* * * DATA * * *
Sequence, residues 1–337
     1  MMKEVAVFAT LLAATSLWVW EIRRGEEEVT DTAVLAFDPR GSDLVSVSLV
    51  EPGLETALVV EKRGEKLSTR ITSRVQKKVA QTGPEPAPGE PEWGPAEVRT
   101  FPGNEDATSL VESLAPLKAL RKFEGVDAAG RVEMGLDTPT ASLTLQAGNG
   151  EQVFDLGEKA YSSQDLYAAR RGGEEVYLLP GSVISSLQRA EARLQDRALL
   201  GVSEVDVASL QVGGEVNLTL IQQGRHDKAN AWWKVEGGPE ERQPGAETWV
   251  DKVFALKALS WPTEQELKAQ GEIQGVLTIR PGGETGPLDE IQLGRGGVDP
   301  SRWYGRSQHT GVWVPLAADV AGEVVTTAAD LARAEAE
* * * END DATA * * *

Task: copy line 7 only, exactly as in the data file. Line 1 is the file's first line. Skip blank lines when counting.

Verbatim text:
   251  DKVFALKALS WPTEQELKAQ GEIQGVLTIR PGGETGPLDE IQLGRGGVDP